Politics Report Card: The U.S. Congress, the Biden Presidency, and the Lone Star State
THREE THURSDAYS, NOVEMBER 4,11, AND 18, 5:00–6:30 P.M.
ZOOM INFORMATION WILL BE EMAILED TO SUBSCRIBERS.
The this course has passed, but there are recordings of the sessions available for purchase below. The Houston Seminar records most of its Zoom sessions and makes them available to registrants for the semester. If you purchase a recording from Fall 2021, you will be able to access it through the end of December. If you registered for this course before it took place, but did not receive an email for accessing the recording, please contact the registrar.
November 4: The U.S. Congress (Recording Available)
Democrats were handed the Congressional levers of government in January, though by the slimmest of margins. Sean Theriault will discuss how Democrats have risen—or not—to that challenge. What path has the Republican Party pursued in the minority? What do these records suggest about the 2022 midterm elections? What other key questions currently loom large for Congress?
November 11: The President and the Nation (Recording Available)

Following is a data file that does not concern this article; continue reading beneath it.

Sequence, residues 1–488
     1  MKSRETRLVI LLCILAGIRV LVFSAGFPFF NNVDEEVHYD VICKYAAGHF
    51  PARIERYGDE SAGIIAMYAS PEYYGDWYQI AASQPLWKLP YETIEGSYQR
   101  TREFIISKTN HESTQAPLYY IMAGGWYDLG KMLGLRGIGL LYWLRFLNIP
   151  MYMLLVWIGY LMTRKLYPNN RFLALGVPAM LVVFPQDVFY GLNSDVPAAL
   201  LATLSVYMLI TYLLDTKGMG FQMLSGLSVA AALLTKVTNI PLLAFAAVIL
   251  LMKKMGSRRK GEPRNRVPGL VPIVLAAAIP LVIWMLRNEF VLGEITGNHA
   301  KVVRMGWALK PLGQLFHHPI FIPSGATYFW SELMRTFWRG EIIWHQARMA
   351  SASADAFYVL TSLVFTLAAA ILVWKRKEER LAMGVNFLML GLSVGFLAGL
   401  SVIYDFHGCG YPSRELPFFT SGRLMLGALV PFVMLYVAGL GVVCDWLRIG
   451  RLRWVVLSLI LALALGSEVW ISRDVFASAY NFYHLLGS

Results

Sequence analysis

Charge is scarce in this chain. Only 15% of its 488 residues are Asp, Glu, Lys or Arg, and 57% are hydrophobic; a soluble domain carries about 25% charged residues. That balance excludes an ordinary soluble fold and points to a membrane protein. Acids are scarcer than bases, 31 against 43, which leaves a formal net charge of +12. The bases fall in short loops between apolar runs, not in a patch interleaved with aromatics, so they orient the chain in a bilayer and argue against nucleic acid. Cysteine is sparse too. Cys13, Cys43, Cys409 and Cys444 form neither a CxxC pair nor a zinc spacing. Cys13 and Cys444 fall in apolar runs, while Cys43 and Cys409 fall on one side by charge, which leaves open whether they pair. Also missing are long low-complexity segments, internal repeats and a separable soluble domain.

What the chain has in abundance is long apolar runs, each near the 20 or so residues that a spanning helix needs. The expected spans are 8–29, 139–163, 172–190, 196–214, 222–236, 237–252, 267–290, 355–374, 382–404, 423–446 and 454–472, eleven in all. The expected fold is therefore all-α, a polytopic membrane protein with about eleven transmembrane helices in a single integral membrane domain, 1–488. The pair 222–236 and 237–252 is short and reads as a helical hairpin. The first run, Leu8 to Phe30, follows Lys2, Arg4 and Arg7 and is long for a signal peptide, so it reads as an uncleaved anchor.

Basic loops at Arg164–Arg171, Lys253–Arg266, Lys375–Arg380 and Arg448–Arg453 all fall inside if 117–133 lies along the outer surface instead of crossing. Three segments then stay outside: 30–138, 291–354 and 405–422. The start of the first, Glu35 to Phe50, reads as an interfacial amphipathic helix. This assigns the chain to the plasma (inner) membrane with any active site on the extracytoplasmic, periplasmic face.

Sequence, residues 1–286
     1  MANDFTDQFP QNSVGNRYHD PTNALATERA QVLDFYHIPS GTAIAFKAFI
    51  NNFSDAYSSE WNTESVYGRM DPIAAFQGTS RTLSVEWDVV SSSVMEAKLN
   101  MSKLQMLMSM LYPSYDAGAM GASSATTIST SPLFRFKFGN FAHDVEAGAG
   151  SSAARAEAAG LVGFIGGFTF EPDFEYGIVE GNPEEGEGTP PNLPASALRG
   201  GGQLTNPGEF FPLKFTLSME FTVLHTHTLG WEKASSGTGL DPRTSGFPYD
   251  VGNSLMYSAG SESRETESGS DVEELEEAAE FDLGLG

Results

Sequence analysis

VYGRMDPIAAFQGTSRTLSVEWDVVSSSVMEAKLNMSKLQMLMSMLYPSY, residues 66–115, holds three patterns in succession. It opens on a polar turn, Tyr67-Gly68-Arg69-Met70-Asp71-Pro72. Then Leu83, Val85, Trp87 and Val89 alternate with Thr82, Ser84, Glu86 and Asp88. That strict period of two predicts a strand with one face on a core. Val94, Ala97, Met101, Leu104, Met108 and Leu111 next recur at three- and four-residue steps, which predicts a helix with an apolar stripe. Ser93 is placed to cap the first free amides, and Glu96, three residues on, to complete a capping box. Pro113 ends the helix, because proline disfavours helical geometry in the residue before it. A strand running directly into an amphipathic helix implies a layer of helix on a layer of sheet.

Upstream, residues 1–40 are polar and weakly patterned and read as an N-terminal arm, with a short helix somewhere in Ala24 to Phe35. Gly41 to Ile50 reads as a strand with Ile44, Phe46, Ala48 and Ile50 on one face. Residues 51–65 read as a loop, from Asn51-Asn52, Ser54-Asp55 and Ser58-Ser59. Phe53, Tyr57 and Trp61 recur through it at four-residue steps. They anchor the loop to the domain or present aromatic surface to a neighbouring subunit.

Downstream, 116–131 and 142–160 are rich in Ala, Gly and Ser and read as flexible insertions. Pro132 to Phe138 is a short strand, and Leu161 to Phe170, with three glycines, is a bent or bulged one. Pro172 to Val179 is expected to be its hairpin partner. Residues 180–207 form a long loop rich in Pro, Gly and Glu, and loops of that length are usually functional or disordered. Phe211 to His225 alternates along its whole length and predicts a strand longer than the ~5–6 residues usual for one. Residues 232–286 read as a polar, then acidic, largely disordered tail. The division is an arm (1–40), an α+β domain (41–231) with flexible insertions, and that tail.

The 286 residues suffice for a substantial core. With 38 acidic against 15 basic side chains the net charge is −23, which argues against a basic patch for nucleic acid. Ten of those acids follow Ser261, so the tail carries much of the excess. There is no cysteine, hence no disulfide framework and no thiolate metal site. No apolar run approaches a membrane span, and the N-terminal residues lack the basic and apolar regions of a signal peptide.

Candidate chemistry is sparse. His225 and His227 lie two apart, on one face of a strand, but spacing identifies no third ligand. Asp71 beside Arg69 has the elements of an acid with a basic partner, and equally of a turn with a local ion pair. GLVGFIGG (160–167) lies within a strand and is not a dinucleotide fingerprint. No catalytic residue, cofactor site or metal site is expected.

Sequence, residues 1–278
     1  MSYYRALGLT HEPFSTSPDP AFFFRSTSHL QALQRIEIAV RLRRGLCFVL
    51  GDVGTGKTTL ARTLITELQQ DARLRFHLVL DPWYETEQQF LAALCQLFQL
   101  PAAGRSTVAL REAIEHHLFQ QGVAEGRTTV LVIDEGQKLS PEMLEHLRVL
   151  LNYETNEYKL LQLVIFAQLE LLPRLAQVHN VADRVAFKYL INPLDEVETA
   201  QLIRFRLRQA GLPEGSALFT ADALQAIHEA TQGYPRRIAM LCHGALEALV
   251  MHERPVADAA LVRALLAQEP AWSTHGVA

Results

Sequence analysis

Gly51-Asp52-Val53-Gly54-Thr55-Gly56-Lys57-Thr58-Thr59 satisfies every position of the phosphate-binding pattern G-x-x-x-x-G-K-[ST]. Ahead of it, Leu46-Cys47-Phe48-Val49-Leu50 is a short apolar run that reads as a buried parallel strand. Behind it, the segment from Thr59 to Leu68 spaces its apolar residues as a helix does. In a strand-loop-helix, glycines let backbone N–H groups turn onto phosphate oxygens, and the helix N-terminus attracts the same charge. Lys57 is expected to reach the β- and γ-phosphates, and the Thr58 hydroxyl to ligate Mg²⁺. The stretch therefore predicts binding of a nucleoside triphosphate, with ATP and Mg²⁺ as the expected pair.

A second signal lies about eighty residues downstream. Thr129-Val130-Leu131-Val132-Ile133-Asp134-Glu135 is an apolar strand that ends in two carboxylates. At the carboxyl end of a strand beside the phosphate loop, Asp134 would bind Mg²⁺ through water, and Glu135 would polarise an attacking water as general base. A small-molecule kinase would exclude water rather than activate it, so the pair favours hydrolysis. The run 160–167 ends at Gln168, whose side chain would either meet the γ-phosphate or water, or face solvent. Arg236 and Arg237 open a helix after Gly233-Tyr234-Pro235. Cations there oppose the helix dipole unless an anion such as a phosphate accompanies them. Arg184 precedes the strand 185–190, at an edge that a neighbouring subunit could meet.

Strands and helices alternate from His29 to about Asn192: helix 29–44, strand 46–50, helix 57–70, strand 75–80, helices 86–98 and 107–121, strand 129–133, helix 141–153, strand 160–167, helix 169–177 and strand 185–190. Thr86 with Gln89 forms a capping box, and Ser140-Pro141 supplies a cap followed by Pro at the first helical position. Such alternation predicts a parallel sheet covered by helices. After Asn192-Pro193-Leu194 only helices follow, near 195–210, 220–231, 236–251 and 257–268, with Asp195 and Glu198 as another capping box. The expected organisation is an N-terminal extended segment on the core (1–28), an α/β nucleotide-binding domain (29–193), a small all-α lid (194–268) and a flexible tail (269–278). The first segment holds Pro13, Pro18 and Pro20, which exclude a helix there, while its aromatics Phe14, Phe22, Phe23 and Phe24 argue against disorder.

A year after the 2020 Election, an assessment of the Biden Administration’s record is in order. Richard Murray will assess how the 46th president is handling the Covid-19 pandemic, the economy, climate change, and relations with a closely divided Congress. Are there any signs of ending the “uncivil war” Mr. Biden addressed in his inaugural address? And what are his party’s prospects for avoiding major reversals at the polls next year as typically happens in midterm elections after a turnover in party control?
November 18: Future Prospects for Texas (Recording Available)
Texas filing deadlines for state and federal races in the 2022 elections are fast approaching. Richard Murray will discuss what we might expect in those elections: will the Lone Star State be solid red once again, or will it follow Georgia and Arizona in becoming a Sun Belt battleground? Democrats had high hopes of making big gains in Texas in 2020 but fell well short of their aspirations. What were the causes of their disappointment in 2020? Will things be any different next year?
Sean Theriault, a Distinguished Teaching Professor at the University of Texas at Austin, has received numerous teaching awards and is the author of several books on congressional decision making.
Richard Murray taught political science at the University of Houston from 1966 until his retirement in 2020 and consulted on more than two hundred political campaigns. He remains a senior research associate at the university’s Hobby Center for Public Policy, specializing in political parties and elections, polling operations, surveys, and national, state, and local political developments.